By On the occasion of our 20th anniversary
By Gustavo Arellano
By R. Scott Moxley
By Alfonso Delgado
By Courtney Hamilton
By Joel Beers
By Peter Maguire
By Charles Lam
"I haven't won the finals in a long time," says Tony Hawk, tired and catching his breath after his final run at the Oct. 1-3 Vans World Championships of Skateboarding at Huntington State Beach. "I'm not having as much fun competing. I think I'm done."
Not quite done. A moment later, he slides down the vert ramp to the Van Doren family to collect a fat first-place check for $15,000.
Most guys in their 30s are shopping at Home Depot, mowing the lawn, and shuttling the kids to and from soccer games. Not the 31-year-old Hawk, who has made skateboarding the focus of his life for the past 17 years. While Hawk was tearing up his final run—busting 720s and 540s over the channel for a crowd of enthusiastic skate fans—his more arthritic contemporaries had just finished the Masters Competition. Not a lot has changed for them. They are grown men with grown men's concerns—except they're more likely to miss work on Monday because of a broken arm. Mike Smith was carried out of the bottom of the 65-foot "soul bowl" through the Plexiglas portal, but he still walked away with third place. Along with Smith, the Masters Competition paid homage to some of the pioneers of the sport, including Steve Caballero (who walked away with first place honors), Jeff Grosso (second place), Lance Mountain and Mike Folmer. Except for Caballero (who still skates professionally), they work on the industry side of things or in less glamorous pursuits like laying hardwood flooring and cleaning carpets.
"I'm a weekend warrior now," explains Grosso, who walked away with some Home Depot spending cash. "It's nice to get a pat on the back. I just skate to keep my sanity. My career is pretty much over, but it's nice to still be skating with the same guys from 10 and 15 years ago. Watching what the younger guys can do is amazing."
What's even more amazing is that Hawk—ripe enough for the Masters competition—still competes with younger skaters. But it's getting harder. And he has companies to run. He owns 50 percent of Birdhouse, the second largest skateboard and apparel company in the world (annual sales exceed $10 million), and Hawk Kids, a new clothing company he co-owns with his family.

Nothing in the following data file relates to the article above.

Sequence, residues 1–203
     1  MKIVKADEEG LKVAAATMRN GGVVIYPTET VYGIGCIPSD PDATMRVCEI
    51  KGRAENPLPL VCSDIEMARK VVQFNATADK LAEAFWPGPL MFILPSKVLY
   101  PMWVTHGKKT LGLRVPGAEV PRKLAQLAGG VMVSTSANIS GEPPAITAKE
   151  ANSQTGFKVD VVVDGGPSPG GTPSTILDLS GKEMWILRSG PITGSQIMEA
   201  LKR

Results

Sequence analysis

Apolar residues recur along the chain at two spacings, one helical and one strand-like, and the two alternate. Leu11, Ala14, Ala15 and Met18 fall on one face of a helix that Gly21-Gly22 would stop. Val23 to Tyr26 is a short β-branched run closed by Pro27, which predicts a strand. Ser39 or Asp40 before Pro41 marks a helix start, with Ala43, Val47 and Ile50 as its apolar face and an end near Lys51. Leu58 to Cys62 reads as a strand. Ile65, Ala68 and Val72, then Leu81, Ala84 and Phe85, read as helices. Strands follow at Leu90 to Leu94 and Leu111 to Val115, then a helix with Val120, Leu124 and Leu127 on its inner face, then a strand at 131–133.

He could feed his family for life by marketing his name and image alone. He's frickin' Tony Hawk. He has already pulled the loop: two-and-half rotations in succession in midair, a.k.a. the 900, the kind of classic maneuver that landed him not in the hospital but in one of Annie Liebowitz's milk ads and a Gap commercial. His Birdhouse skate movie, The End—a kind of MTV music video meets feature film—was last year's highest selling skate video. He has a Sony PlayStation game with his name and image as the selling point. Skaters like to say that Michael Jordan is the Tony Hawk of the basketball world. And now he's the champ again.
In a recent Transworld Skateboarding interview, Hawk said he'd like to spend more time with his family, as well as exit the sport on top—his goal, he said, was "to not live off a previous reputation." He doesn't need to. He's made a smooth transition into Tony Hawk, businessman.
I met with Hawk over lunch to chat about his new life.OC Weekly:When I talked to you at the Vans Triple Crown right before they announced the winners, you hinted that you would retire. Are you? Tony Hawk:Yes. I'm going to keep skating; I just don't want to keep competing. It's not really as fun anymore. Chasing these events just for the sake of placing well and being seen—I just don't want to do that anymore. It's getting harder to get motivated for contests. Compared to most professional athlete's careers, yours has been long at 17 years.
In most other sports, it's hard to make a living if you don't compete, but with skating, there's plenty who don't. Some of the most popular skaters, like Chad Muska, Jamie Thomas, those guys never enter contests. That's what I want to do—skate demos and try to be progressive but without going to so many events.It has to be hard when people expect you to win every time.
Even if you skate well and finish second, you've lost. That's not really what it's about. I'm skating at an MTV thing next weekend in Vegas. They're building a gigantic ramp—way bigger than anything else—to set the height world record.Are they trying to break Danny Way's record?
Well, everyone knows he has it, but it wasn't on tape. But Danny's going to be there. Now's his chance to set the record officially. They're going to have highest air and best trick. I was invited to participate in both. I'd rather be doing stuff like that than competing. I don't see it as a contest, but more like seeing what all the guys can do. As far as X Games and all that, I'm finished.Are you tired of being in the spotlight?
In a lot of ways, yeah, but I'm also getting tired of the hectic schedule. I do get a lot of opportunities to do other things besides the contests within the same time frame. And I'd rather do some of the things that I've held off on.How many contests have you competed in this year?